Thomas Sowell

 None of this resistance was based on a desire for civil rights for blacks. It was based on a fear of losing money if racial segregation caused black customers to use public transportation less often than they would have in the absence of this affront.

 Just as it was not necessary for an overwhelming majority of whites to demand racial segregation through the political system to bring it about, so it was not necessary for an overwhelming majority of blacks to stop riding the streetcars, buses and trains in order to provide incentives for the owners of these transportation systems to feel the loss of money if some blacks used public transportation less than they would have otherwise.

 People who decry the fact that businesses are in business "just to make money" seldom understand the implications of what they are saying. You make money by doing what other people want, not what you want.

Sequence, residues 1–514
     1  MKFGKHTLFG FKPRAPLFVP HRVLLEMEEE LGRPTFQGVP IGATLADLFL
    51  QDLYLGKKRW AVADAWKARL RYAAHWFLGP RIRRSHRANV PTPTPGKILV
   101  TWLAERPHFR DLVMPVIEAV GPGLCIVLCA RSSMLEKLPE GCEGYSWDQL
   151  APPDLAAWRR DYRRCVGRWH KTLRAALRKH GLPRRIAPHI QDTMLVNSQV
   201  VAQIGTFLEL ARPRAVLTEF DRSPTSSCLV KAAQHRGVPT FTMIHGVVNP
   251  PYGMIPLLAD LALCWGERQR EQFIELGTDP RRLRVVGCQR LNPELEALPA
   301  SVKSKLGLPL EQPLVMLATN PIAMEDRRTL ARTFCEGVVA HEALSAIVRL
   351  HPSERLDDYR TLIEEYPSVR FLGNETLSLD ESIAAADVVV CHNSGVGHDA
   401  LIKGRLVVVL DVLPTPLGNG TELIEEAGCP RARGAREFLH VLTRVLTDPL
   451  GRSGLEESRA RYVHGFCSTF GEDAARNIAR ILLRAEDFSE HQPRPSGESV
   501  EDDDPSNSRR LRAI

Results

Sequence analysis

Black people's money was just as good as white people's money, even though that was not the case when it came to votes.

 Initially, segregation meant that whites could not sit in the black section of a bus any more than blacks could sit in the white section. But whites who were forced to stand when there were still empty seats in the black section objected. That's when the rule was imposed that blacks had to give up their seats to whites.

 Legal sophistries by judges "interpreted" the 14th Amendment's requirement of equal treatment out of existence. Judicial activism can go in any direction.

 That's when Rosa Parks came in, after more than half a century of political chicanery and judicial fraud.


Thomas Sowell

Thomas Sowell is a senior fellow at the Hoover Institute and author of The Housing Boom and Bust.

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